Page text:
In order to be representative of those ODs who will be entering the workforce in the next few years, Women In Optometry has created a WO Student Advisory board. These 18 students have agreed to share their perspectives, enthusiasms and concerns—and maybe find a mentor among WO readers along the way.
MEET THE STUDENTS
Isabelle Ampe, class president at Midwestern University- Chicago College of Optometry, first found her interest in eyes after dissecting a lamb’s eyeball in sixth grade. After earning her undergraduate degree at the University of St. Thomas in Minnesota, Ampe started working as an optometric technician during her freshman year. “I was able to understand the importance of eye care and became fascinated by the disease management of optometry and the many ways optometrists change lives every day.”
Raman Badh is a second-year student at Salus University Pennsylvania College of Optometry. “From a young age, I always knew I wanted to work in a healthcare profession because of my innate desire to help people,” she says. “Optometry became my chosen path after two years of working as an optical assistant, where I discovered a profound passion for patient care and a genuine enjoyment of interpersonal interactions.” Anticipating the upcoming semester, she is enthusiastic about immersing herself in clinical experiences to further develop her skills in delivering quality eye care. “Moreover, I am excited about potential scientific advances in the field and am eager to contribute to its future growth.” Badh was born and raised in Canada, and she adds that traveling, trying new foods and spending time with friends and family enriches her life.
Alyssa Buren realized the importance of good vision when she got her first pair of glasses at age 10. The second-year student at Michigan College of Optometry at Ferris State University says, “the eye doctor was always a place that I left with some feeling of fascination. As I grew up and decided to pursue medicine, I was always drawn back to optometry and grew to love it even more through shadowing, job experience and school. I am so excited to join the WO student advisory board and have the opportunity to grow and connect with fellow women in optometry.”
Megan Corcoran, a Missouri native attending the University of Missouri St. Louis College of Optometry, took an interest in disease management and laser privileges in her home state. “I am most excited about where the optometry field is going,” she says. “I chose optometry because you are able to make seemingly small improvements that can make a huge difference in a patient’s life.”
Deanna Dale,a second-year student at University of Pikeville- Kentucky College of Optometry, enjoys connecting with herself and others and says she looks forward to impacting the lives of her patients in her career. “I love volunteer work and anything involving the outdoors,” Dale says. “I chose optometry because I’ve known from a young age how important vision is. I’m super excited to learn about different perspectives from each student on the WO student advisory board.”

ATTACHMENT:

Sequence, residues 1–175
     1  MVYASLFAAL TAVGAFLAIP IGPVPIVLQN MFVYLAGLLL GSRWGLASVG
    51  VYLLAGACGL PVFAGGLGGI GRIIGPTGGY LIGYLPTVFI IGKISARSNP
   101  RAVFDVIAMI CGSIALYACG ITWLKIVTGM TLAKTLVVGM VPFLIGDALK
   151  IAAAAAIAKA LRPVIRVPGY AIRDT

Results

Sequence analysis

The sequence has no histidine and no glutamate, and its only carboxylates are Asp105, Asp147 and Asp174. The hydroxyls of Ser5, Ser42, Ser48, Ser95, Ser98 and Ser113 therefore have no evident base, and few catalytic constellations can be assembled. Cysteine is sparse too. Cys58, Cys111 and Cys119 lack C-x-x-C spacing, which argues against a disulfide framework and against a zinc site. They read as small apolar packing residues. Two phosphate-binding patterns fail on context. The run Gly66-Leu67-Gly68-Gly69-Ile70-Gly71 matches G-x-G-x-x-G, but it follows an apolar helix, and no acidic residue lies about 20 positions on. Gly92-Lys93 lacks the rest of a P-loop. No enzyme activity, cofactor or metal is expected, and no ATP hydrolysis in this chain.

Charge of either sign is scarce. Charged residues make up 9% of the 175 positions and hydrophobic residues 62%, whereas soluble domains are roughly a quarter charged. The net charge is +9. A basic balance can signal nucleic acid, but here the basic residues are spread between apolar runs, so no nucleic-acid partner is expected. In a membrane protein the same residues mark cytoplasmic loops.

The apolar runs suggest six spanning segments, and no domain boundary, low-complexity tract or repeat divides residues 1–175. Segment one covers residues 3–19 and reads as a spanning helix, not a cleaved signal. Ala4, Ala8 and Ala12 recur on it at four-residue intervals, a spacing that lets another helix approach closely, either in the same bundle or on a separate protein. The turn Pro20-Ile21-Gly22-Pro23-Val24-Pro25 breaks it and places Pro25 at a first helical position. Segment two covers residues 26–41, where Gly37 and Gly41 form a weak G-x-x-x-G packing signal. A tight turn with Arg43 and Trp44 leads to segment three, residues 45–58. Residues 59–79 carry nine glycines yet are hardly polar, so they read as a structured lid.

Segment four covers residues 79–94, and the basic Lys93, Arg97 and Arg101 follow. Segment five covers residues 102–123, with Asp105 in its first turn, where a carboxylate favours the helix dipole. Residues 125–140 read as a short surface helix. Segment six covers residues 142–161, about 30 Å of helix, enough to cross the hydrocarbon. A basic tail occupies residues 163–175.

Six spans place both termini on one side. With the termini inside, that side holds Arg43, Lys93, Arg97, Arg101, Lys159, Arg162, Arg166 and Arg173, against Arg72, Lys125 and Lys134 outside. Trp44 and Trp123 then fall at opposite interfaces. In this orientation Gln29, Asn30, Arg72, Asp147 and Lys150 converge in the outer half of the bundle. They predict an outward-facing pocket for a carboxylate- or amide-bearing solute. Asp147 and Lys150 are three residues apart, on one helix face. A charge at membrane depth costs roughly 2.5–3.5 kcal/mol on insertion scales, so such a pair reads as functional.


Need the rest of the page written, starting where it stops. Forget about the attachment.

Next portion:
Daisy Dominguez took her interest in diversity and enhancement of the optometric industry and turned it into her field of study at University of California- Berkeley’s Herbert Wertheim School of Optometry. “My interest in optometry started in ocular research,” she says. “I have been able to continue this path doing work with artificial intelligence.” She says she looks forward to seeing innovations in the field thanks to continually updated technology.
Gracie Dorschner says she looks forward to the opportunity to “give prospective and current students, and even current optometrists” ideas and inspiration through her involvement on the WO student board. After “falling in love” with patient care and the long-term relationships optometrists build with patients while shadowing a female-owned private practice in Minnesota, Dorschner has had the opportunity to partake in elementary school screenings and has found a new passion in the world of pediatric optometry while attending Midwestern University Arizona College of Optometry.
As a Biology and Spanish double major during her undergraduate experience, Mariem Girgis says that she was influenced to choose a career where she would be able to combine her passions for science and communication, with her long-term passion for healthcare. “Optometry, for me, is this career,” she says of the opportunities ahead to work with a variety of different individuals, across various modalities of practice. “I am intrigued that optometry provides the perfect balance between incorporating the latest scientific advancements with personable, impactful patient care.” Now as a second-year student at MCPHS University School of Optometry, she adds that she looks forward to utilizing her skills and love for optometry to help improve vision and ocular health for individuals of all ages and backgrounds.
Laudan Hatami is a second-year student at her hometown school, Northeastern State University Oklahoma College of Optometry. But before that, she was unsure of what she wanted to pursue as a career. “I did not know I wanted to pursue optometry until halfway through undergrad,” she says. After earning a degree in evolutionary anthropology from Duke University, Hatami says she found an interest in optometry while working at a pharmacy during summer break. “I really shine one-on-one with patients, so I’m excited to apply what I have learned so far about ocular disease. I am also thoroughly looking forward to starting my clinical experience in January 2024.”